For other lure retrieval speeds, you may also want to take a more workhorse all-purpose gear ratio in the 6:1 to 7:1 range.

I would recommend a Daiwa BG as a top-quality Trout spinning reel.

Best Gear Ratio for Redfish

The best gear ratio for redfish is 6.0:1.

This gives the most versatility and widest range in lure options.

If you are going to be jigging or sight fishing for red drum, then this reel gear ratio will be ideal.

You could consider a higher range gear ratio, but this will prevent you from using too many deep-diving crankbait or large blade spinnerbaits. I suggest you pick a Penn Battle II spinning reel for redfish.

Best Fishing Reels for Redfish

Best Gear Ratio for Walleye

The best gear ratio for walleye is 4.5:1. A lower gear ratio is preferable if you are jigging for walleye.

Walleye can be timid so you don’t need to be retrieving a super fast buzzbait past them.

For walleye, the drag and the anti-reversing features are more important than the gear ratio, so I wouldn’t spend too much time focusing on this as long as you are in the general ball park range.

My recommendation for a walleye reel is the Penn Pursuit.

Best Gear Ratio for Crappie

The best gear ratio for crappie fishing is 5.2:1.

Crappie fishing uses very light fishing line, similar to other panfish. This often means that the reels are extremely small in size, resulting in smaller internal gearing. This reduces the complexity that is an option within a small reel body and normally comes with lower gear ratios.

A gear ratio of mid 5:1 is more than enough to handle anything a crappie can throw at you, so I wouldn’t hesitate to select this specification.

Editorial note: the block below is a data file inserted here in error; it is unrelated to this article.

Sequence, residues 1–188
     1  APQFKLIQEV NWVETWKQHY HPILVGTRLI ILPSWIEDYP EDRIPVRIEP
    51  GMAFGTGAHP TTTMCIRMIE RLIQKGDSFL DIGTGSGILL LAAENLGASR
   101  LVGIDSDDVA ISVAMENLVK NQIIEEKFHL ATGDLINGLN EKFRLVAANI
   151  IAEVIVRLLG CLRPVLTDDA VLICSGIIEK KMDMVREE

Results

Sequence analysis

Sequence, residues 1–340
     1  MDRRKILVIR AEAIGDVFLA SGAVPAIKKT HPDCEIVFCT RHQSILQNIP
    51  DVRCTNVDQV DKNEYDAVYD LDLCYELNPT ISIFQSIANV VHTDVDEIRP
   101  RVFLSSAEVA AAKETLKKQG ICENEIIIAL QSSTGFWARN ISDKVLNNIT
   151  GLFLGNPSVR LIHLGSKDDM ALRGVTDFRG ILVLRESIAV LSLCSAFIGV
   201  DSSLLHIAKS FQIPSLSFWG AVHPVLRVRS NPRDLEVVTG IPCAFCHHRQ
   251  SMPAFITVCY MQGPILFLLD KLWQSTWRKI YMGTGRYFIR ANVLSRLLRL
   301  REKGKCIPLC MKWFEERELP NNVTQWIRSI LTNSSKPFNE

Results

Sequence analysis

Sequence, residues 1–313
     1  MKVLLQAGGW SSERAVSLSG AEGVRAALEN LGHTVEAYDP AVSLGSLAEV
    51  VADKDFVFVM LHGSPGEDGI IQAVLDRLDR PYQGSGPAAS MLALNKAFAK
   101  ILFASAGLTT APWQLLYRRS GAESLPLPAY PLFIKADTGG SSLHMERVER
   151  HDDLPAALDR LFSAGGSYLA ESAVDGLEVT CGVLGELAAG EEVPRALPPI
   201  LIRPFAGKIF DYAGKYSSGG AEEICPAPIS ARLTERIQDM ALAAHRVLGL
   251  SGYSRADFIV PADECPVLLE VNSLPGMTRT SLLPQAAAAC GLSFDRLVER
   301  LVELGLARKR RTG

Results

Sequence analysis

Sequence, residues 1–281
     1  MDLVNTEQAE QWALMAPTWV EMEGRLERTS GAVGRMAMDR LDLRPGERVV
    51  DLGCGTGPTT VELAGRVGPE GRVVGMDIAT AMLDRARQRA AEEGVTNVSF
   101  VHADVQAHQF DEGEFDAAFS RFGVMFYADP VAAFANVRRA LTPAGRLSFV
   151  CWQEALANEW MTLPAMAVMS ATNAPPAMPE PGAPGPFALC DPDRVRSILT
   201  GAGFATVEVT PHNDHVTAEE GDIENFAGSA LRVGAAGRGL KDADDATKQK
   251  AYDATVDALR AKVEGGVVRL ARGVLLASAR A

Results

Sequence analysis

Best Gear Ratio for Spinnerbaits

The best gear ratio for spinnerbaits is 6.3:1.

This allows for both small and large blades to be retrieved without needing to speed up or slow down too significantly.

There is a wide range of spinnerbaits available, all of which come with different water resistance and target retrieval speeds, so please use your judgment about what is right for your own needs.

Best Gear Ratio for Crankbaits

The best gear ratio for crankbaits is 5.0:1.

This is a lower speed gear ratio than a lot of other applications.

Deep diving crankbaits have very large nose lips to get the lure down far enough – this lip also put a lot of water resistance against the lure during the retrieve.

You will need to retrieve the lure more slowly and have a reel with more torque through a lower gear ratio.

crankbait on a baitcasting reel

Gear Ratio Video

Bass Resource has put together this informative video explaining gear ratios:

Conclusion

Gear ratios may seem confusing, but they don’t have to be. You can always speed up and slow down your retrieve slightly depending on what lure you are retrieving. I hope we have helped to explain what gear ratio you may be interested in buying.

If you want some more information, Wired2Fish also have a good article for anglers.

If you have any thoughts of your own or questions to share, then please leave a comment below.

Happy fishing!


Photo of author

Russ Egan

Russ is an avid fisherman. He has fished all over the world for more than two decades, primarily for saltwater game fish but also for local trophy fish. Russ writes reviews for all of his fishing gear to help others achieve their own fishing goals. His favorite reel is a Shimano Curado Baitcaster. His dream is to catch a Black Marlin.